But that economy has changed. We don't make things like we used to. Unions have lost membership and the clout that comes with it. In Wisconsin, The Wall Street Journal reported that membership in the American Federation of State, County and Municipal Employees fell from 62,818 in March 2011 to 28,745 in February 2012.
Like the economy, the nature of power and how we share it is changing. Right now, too many people feel powerless. Politicians like Walker have provided them with something progressives have not — a chance to vote against things as they are.
The trouble is, the only thing these votes affect is government. The less there is of that, the more we'll see who really is in control. They won't be subject to recall elections, either.
I've got to hand it to Steve Libman. Libman, you may recall, is the former head of Carmel's Center For the Performing Arts, the centerpiece of which, the Palladium, looks like it was teleported here from the set of "My Fair Lady."
Libman lost his job in Carmel last July. Why, exactly, seems a subject of some dispute. Whatever the reason, the guy demonstrated a sense of entitlement rare among local arts administrators.
In April 2010, before the Center was even open, Libman asked Carmel's City Council for $2 million for "one-time costs necessary to open the center." This was in addition to the approximately $150 million the good burghers of Carmel were already shelling out for this cultural shrine. As I pointed out at the time, the $2 million Libman wanted for walking around money was more than the entire public arts budget for the City of Indianapolis.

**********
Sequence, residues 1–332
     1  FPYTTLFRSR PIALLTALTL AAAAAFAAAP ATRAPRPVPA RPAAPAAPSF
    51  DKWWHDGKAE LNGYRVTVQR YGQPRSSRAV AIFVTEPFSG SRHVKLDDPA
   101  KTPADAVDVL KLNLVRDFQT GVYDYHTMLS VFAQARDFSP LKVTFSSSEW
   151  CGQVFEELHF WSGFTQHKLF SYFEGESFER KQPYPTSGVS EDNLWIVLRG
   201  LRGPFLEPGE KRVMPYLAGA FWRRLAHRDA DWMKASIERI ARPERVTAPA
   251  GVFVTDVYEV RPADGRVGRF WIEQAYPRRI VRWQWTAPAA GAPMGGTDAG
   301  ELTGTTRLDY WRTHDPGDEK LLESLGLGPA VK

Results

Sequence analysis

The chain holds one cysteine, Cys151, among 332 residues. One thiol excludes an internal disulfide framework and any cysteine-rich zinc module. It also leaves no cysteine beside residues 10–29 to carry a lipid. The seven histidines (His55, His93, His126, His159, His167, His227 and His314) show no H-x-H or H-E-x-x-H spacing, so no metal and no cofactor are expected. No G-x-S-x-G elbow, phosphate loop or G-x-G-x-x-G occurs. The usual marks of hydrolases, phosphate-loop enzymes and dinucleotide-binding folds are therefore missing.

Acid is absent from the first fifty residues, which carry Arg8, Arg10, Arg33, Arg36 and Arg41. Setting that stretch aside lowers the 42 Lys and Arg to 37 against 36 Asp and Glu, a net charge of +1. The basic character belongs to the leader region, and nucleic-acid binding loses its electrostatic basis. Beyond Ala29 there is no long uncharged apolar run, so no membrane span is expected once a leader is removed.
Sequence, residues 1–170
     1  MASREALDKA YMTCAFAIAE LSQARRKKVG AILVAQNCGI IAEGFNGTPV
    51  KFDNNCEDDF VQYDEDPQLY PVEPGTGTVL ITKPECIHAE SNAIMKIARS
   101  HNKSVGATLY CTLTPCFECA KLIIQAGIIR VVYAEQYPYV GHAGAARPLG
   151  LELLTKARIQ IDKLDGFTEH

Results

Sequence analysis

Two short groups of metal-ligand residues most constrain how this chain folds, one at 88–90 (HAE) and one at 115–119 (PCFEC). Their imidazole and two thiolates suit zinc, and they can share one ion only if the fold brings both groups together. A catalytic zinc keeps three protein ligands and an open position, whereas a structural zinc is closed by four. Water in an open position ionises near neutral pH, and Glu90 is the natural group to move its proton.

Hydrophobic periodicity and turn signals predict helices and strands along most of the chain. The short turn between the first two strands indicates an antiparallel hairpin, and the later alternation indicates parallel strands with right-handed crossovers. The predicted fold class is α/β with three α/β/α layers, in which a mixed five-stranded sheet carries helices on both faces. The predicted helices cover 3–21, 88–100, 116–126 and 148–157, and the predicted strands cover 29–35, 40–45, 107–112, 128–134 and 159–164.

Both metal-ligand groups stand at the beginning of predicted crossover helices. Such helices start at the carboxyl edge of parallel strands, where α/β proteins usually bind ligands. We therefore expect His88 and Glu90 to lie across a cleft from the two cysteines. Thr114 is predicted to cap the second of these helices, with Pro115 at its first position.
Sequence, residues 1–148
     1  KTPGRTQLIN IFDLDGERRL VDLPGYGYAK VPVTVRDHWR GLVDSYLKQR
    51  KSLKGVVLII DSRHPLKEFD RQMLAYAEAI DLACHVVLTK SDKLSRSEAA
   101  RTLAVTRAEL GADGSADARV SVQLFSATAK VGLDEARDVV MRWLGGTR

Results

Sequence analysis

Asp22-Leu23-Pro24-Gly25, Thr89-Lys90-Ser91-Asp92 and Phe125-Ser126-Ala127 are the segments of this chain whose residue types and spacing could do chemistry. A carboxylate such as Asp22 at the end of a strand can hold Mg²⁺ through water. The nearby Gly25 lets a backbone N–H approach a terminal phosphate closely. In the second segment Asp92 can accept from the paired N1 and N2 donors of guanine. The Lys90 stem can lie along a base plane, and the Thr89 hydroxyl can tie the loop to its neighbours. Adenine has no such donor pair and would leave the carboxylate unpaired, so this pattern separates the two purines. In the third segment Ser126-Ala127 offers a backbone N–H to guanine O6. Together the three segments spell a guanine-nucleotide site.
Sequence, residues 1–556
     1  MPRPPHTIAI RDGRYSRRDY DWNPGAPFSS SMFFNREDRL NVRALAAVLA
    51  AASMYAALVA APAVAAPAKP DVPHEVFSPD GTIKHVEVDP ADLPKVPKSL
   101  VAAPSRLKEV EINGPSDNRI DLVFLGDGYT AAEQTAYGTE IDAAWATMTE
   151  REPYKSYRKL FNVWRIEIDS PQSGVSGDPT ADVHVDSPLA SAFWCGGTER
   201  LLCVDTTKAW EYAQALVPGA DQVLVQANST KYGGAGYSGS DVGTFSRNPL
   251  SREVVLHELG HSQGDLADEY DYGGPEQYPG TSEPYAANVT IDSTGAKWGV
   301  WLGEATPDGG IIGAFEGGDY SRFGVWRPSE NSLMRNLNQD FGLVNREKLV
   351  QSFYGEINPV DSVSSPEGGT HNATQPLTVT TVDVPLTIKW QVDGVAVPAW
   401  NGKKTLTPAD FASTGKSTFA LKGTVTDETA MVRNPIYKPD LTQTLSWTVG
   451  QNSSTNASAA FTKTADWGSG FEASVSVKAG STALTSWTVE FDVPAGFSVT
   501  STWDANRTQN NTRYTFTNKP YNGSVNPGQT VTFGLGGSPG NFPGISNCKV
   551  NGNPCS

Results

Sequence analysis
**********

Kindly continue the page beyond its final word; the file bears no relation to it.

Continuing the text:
The Carmel Council gave Libman the dough, but when he went back to the well last summer it was a different story. At that time, it was reported Libman wanted as much as $4 million from the city council — a number he later claimed was "speculative." Eyebrows, however, were raised, jaws dropped. Libman handed in his resignation shortly thereafter.
Many people in Libman's position would have hightailed it out of town. Libman, though, has stuck around. He started a performing arts consulting business and, according to his website, was recently hired to help plan a performing arts center in Bermuda.
Last week, Libman published an op-ed piece in The Indianapolis Star, "Arts organizations don't fit mold of for-profit businesses." Given his history here, you could be excused for seeing this column as an exercise in self-justification. But it also turns out that Libman has some trenchant things to say about how we manage our nonprofit enterprises.
Libman begins by observing that performing arts organizations in Central Indiana are never able to live on the revenue generated by ticket sales. They must rely on public and private contributions in order to survive. This not only defines what is meant by the term, "nonprofit," it points to why it is misleading to think that we can run such organizations as if they were businesses.